28 results found
Clube RKM, Tennant M, 2021, Social inclusion and the circular economy: The case of a fashion textiles manufacturer in Vietnam, BUSINESS STRATEGY AND DEVELOPMENT
Aurisicchio M, Zeeuw Van Der Laan A, Tennant M, 2020, Material-Service Systems for Sustainable Resource Management, EcoDesign 2019
Clube RKM, Tennant M, 2020, The Circular Economy and human needs satisfaction: Promising the radical, delivering the familiar, Ecological Economics, Vol: 177, Pages: 1-12, ISSN: 0921-8009
The Circular Economy (“CE”) is gaining momentum as an approach to addressing sustainability challenges. The CE is framed as a transformative model with economic, environmental and social benefits. Nevertheless, the degree of circularity in the global economy is low and critics highlight that current interpretations fall short in delivering promised results regarding the social dimension of sustainability. Instead economic growth is elevated above more radical socio-environmental transformation. This exploratory paper adopts a human needs approach, using Max-Neef’s Human-Scale Development proposal as an analytical lens to explore the contentious social dimension of the CE. The study revisits four seminal texts which are commonly referenced as influencing the CE’s conceptual development: The Blue Economy; Cradle to Cradle; Regenerative Design for Sustainable Development; and, The Performance Economy. These texts were analysed to identify satisfiers of human needs. This provides insight into how inclusive earlier visualisations were of encompassing human needs, and how these compare to the current CE direction. We argue that satisfiers of human needs are embedded, to differing extents, in some of the early CE depictions. Nevertheless, the CE concept has selectively developed, neglecting radical, human-centric transformational aspects and instead adheres to a familiar pathway of business-led economic growth.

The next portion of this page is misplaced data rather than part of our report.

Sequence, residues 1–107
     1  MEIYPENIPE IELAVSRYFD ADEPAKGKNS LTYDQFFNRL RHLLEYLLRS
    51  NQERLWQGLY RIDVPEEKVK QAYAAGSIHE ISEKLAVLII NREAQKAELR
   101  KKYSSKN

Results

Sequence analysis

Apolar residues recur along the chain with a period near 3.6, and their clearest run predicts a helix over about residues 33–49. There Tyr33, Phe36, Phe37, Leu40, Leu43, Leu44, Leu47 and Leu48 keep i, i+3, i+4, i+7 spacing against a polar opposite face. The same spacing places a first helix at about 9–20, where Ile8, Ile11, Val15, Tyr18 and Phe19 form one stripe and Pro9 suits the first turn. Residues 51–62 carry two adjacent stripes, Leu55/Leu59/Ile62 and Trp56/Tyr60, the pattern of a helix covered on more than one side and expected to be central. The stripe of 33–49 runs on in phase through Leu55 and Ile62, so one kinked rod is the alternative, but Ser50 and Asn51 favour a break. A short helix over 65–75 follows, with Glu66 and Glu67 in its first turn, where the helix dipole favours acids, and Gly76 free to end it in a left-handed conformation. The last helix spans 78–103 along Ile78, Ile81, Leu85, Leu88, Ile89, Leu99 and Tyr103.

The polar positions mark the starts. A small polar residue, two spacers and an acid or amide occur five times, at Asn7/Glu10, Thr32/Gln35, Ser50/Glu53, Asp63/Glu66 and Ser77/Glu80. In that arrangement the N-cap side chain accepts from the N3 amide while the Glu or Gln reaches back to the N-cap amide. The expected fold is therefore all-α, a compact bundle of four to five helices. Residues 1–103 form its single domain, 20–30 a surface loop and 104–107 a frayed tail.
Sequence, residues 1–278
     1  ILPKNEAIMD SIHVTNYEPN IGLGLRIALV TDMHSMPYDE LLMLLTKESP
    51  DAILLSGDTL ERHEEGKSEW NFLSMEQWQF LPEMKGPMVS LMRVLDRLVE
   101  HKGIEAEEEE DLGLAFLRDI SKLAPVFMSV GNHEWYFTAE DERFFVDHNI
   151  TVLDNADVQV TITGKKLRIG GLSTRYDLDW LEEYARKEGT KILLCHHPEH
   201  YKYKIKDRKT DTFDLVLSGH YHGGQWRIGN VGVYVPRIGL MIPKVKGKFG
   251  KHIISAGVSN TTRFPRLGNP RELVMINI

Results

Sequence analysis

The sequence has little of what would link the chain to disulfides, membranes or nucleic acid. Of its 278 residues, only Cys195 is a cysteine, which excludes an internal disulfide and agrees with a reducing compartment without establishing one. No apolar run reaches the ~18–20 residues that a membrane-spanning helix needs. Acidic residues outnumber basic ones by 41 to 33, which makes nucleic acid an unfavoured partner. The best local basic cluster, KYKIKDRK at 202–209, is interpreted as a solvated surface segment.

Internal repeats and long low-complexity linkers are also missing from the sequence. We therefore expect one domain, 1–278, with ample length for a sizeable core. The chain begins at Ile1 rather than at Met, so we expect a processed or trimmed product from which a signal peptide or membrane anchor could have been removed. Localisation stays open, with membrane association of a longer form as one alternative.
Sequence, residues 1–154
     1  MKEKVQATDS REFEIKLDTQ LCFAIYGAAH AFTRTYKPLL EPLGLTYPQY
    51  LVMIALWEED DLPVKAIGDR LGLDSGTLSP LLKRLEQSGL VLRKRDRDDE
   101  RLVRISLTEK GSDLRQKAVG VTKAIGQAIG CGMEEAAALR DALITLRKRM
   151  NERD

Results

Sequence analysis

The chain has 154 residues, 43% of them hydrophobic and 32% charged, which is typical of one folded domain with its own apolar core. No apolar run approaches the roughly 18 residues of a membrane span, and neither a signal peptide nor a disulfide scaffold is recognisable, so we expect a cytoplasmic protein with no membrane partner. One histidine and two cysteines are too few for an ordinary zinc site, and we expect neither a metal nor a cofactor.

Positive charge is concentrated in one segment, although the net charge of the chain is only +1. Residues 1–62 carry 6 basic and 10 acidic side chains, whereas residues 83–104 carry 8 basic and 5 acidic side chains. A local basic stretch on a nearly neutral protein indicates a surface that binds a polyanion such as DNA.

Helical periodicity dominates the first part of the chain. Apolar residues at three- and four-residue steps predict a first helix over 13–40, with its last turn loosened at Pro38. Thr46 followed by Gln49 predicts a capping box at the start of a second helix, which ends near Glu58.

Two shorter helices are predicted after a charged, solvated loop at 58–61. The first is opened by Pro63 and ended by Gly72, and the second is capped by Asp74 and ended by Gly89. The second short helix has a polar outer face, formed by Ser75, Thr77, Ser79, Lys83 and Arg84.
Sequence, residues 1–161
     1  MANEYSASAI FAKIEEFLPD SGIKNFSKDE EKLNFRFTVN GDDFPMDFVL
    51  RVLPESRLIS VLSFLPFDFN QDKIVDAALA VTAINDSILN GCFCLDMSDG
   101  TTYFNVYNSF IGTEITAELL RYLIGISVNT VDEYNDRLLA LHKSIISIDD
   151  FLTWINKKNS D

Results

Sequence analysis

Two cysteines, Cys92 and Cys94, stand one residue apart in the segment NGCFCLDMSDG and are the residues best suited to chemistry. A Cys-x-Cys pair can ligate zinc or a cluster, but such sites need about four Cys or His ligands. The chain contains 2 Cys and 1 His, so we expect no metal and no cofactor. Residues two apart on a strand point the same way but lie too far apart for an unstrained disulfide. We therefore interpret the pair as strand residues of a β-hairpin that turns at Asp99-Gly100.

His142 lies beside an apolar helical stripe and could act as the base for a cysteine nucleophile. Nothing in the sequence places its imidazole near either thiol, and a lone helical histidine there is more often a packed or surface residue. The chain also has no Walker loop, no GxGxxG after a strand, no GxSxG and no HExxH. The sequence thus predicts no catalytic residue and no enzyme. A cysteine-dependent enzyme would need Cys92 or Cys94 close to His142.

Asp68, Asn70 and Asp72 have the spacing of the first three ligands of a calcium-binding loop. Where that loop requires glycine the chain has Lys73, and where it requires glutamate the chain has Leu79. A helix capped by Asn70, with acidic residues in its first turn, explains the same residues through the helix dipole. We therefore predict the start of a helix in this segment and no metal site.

Angheloiu C, Tennant M, 2020, Urban futures: Systemic or system changing interventions? A literature review using Meadows' leverage points as analytical framework, Cities, Vol: 104, ISSN: 0264-2751
Urban-led change for sustainability is a key site of intervention in delivering the ambitions of the Sustainable Development Goals. Within this broad discourse, four umbrella concepts have emerged in recent decades: urban sustainability, urban transitions, urban transformation and urban resilience.This literature review aims to offer a qualitative assessment of the types of interventions currently being advocated for in academic-led literature. Firstly, the paper presents an overview of the concepts and summarises current gaps; secondly, it uses Donella Meadows' Leverage Points as analytical framework to categorise and discuss interventions supported in the literature.Our findings indicate that although the literature advocates for systemic change towards sustainability as an outcome of a large palette of urban interventions, less consideration is given to the means of achieving these. The findings highlight the need to focus on processes as much as on outcomes when advocating, devising or implementing interventions. This requires a process of understanding and negotiating trade-offs and the different worldviews and values that underpin them. Addressing this entails going beyond technocratic skills through cultivating reflexivity, effective communities of practice and new forms of organising for knowledge production, as well as interrogate our roles and agency as urban researchers.
Blomsma F, Tennant M, 2020, Circular economy: Preserving materials or products? Introducing the Resource States framework, Resources, Conservation and Recycling, Vol: 156, Pages: 1-13, ISSN: 0921-3449